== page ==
The first step to Western blotting is separating the proteins in a sample by size using denaturing gel electrophoresis. After electrophoresis, the separated proteins are transferred onto a solid support matrix using a membrane (nitrocellulose or polyvinylidene difluoride (PVDF)). Sometimes, protein separation is not required, so your sample may be directly added to the membrane using an approach we call dot blotting.
So, wet or dry – which is the best transfer method for your Western blot? Choosing the right one can determine your blot’s success. Western blot transfers can be “wet”, “semi-dry”, or “dry” – which should you use and why? The choice may come down to whether you need quantitative information from your blot, time and cost, or if your protein is finicky and requires you to customize transfer conditions. Let’s go over when to use each transfer method to best prepare you for the next Western blot procedure you run.
When to use “wet” (or Tank) transfers for Western blotting
“Wet” transfers are performed in a tank filled with transfer buffer (described in Figure 1). Most transfer systems, like the Azure Aqua Transfer Tank, have room for two precast or handcast gels.
If you want to gain quantitative information from your Western blot, you should do a wet transfer. Wet transfers are highly customizable. The time, temperature, voltage, and buffer can be varied to suit the protein of interest and to achieve complete transfer of a broad range of proteins. For example, longer transfer times may be used to allow larger proteins to fully migrate out of the gel, while shorter transfer times can prevent loss of low-molecular weight proteins that may otherwise migrate through the membrane entirely. The voltage can be reduced to slow the transfer process for an overnight run, or increased to complete the transfer in an hour or two.
One disadvantage of wet transfers is that heat is generated during the transfer. This can contribute to inconsistent transfers and to breakdown of the gel. To combat the effects of excess heat, wet transfers are often conducted in a cold room and/or with ice packs in the tank.
Another disadvantage to wet transfers is they require a large volume of transfer buffer. For labs conducting a large number of transfers, reagent consumption can become an issue. To conserve reagents, semi-dry transfer methods can be used.
"Semi-dry” Western blot transfer methods
“Semi-dry” transfers should be your choice if saving time and reagents is your first priority. In a semi-dry transfer, the only buffer used is the one that saturates the stack components (Figure 2).
With semi-dry transfers, transfer times are reduced to about an hour, but may be as short as 5 minutes with rapid semi-dry transfer protocols.
Semi-dry transfers run into difficulties at extreme ends of the protein size range. Large proteins may not transfer out of the gel quantitatively in the short transfer time available while small proteins may transfer through the membrane entirely. To compensate, discontinuous buffer systems, in which the two pieces of filter paper on either side of the stack are equilibrated in different buffers, can be used. For example, buffers can be chosen to help transfer difficult proteins out of the gel, and/or to improve retention of proteins in the membrane.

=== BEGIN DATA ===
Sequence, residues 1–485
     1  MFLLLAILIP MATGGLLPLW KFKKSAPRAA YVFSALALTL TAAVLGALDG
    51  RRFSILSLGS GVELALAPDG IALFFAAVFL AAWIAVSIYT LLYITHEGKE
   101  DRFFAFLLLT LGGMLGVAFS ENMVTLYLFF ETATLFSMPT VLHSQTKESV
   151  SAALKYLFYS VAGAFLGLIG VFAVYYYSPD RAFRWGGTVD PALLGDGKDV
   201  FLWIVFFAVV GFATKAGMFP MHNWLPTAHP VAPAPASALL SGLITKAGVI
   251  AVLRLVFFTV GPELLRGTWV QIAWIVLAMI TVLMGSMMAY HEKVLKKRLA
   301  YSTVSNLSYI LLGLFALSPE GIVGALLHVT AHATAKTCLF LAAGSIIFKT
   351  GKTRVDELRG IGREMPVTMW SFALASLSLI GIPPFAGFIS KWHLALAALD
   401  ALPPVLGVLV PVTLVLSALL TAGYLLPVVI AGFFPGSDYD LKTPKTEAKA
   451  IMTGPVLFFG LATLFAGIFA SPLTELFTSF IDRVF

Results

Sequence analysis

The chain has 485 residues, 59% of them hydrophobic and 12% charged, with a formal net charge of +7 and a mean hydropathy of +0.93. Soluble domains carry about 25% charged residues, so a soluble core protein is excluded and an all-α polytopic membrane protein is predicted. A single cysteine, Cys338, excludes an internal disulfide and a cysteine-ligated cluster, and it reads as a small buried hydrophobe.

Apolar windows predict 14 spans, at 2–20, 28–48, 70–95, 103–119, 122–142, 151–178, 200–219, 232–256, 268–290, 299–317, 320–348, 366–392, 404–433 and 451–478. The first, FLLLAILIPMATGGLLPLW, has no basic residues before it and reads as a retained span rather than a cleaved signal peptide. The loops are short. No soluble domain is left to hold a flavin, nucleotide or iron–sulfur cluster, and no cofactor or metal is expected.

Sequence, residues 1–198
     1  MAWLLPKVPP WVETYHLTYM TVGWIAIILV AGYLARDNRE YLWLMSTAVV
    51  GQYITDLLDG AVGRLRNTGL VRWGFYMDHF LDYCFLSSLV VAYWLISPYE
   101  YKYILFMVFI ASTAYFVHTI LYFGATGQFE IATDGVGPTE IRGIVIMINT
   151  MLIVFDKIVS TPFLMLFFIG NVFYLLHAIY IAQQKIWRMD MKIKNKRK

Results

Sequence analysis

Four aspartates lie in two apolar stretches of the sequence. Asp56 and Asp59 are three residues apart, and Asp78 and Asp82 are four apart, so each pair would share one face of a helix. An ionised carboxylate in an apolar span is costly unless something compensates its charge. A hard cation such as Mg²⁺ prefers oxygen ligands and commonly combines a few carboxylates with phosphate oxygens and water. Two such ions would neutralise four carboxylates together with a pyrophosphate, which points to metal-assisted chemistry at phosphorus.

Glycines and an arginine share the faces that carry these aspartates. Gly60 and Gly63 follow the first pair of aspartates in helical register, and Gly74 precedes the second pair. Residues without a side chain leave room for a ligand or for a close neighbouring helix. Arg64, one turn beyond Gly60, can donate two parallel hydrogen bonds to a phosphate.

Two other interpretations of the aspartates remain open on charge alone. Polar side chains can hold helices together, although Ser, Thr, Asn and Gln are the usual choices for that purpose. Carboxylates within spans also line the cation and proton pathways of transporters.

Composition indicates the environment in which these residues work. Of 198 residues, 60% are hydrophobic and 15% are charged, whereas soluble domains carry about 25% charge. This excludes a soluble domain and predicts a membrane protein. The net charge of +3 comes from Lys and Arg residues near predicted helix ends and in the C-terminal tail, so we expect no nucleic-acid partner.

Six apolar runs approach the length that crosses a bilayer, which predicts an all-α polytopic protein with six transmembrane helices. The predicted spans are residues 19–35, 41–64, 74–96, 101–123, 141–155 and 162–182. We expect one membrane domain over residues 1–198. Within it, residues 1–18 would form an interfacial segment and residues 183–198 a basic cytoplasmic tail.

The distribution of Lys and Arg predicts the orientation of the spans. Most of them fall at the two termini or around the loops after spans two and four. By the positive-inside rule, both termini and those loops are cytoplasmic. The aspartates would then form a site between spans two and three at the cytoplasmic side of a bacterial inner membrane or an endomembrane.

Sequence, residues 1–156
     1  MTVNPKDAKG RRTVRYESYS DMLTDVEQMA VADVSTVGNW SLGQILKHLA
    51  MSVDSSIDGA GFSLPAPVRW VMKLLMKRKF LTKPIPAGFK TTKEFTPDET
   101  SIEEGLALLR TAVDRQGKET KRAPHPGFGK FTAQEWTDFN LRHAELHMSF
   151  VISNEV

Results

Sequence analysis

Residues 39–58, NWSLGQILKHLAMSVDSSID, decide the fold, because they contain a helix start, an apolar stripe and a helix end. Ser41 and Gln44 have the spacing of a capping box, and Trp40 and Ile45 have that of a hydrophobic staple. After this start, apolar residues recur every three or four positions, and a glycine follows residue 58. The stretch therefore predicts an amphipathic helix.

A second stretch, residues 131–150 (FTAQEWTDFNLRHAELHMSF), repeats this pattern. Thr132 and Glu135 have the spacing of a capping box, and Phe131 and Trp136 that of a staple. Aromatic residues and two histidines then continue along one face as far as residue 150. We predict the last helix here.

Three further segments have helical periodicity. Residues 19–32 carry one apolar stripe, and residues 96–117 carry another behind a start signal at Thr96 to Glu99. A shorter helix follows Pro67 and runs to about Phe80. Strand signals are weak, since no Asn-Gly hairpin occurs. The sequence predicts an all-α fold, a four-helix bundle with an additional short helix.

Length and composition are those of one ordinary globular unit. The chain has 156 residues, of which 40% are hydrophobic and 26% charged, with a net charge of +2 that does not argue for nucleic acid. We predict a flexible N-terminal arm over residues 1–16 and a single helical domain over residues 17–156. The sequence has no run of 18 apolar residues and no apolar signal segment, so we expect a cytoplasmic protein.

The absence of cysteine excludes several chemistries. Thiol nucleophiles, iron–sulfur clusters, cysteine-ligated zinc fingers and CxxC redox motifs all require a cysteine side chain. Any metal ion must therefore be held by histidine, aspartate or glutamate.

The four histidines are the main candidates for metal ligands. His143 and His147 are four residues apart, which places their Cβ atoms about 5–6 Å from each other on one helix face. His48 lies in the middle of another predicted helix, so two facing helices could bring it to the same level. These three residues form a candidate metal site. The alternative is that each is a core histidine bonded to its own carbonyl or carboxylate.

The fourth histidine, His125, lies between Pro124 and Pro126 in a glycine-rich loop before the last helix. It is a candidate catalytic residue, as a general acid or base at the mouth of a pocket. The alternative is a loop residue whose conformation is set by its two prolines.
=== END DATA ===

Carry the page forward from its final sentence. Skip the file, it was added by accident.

When to use “dry” Western blot transfer
“Dry” Western blot transfer systems do not use transfer buffer at all. Instead, the gel is placed between purchased, preassembled stacks containing the transfer membrane and proprietary buffer matrices. Dry transfers can be completed in less than 10 minutes. Because preassembled stacks must be purchased; there is no opportunity for customization or optimization based on the protein of interest.
Western blot transfers are customizable!
Wet Western blot transfers are highly customizable and are recommended for quantitative Western blotting but consume a lot of reagents. Semi-dry Western blot transfers conserve time and reagents, but may not allow quantitative transfer for all proteins, especially those that are very small or very large. Dry Western blot transfers are the fastest of all and require no buffer preparation, but do not allow much room for optimization.
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In summary, which transfer method you choose will depend on several factors of your experiment. One of the factors is how you balance the importance of speed and/or reducing reagent consumption vs needing quantitative transfers or to customize the protocol for a difficult protein. Check out the resources below if you’re still having trouble, or send us a message using the form on this page. Cheers for now!
Frequently Asked Questions about western blot transfers
The reason for blocking the membrane before and during incubation of the primary antibody is due to the membranes being “sticky” to any protein. We “block” in order to cover up all parts of the membrane that don’t have protein on them, including any region in between lanes, etc. When we add the antibodies, they will only bind to the protein of interest, not the blank membrane. Blocking ensures we don’t get signal from primary antibodies sticking to the membrane. We will only get signal from primary antibodies binding to their protein of interest.
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The blocking agent may be protein or non-protein based. Some of the more commonly used blocking agents include: normal serum, Bovine serum albumin, non-fat, dry milk, Polyvinylpyrrolidone, or Tween 20. Read more about blocking agents in this application note.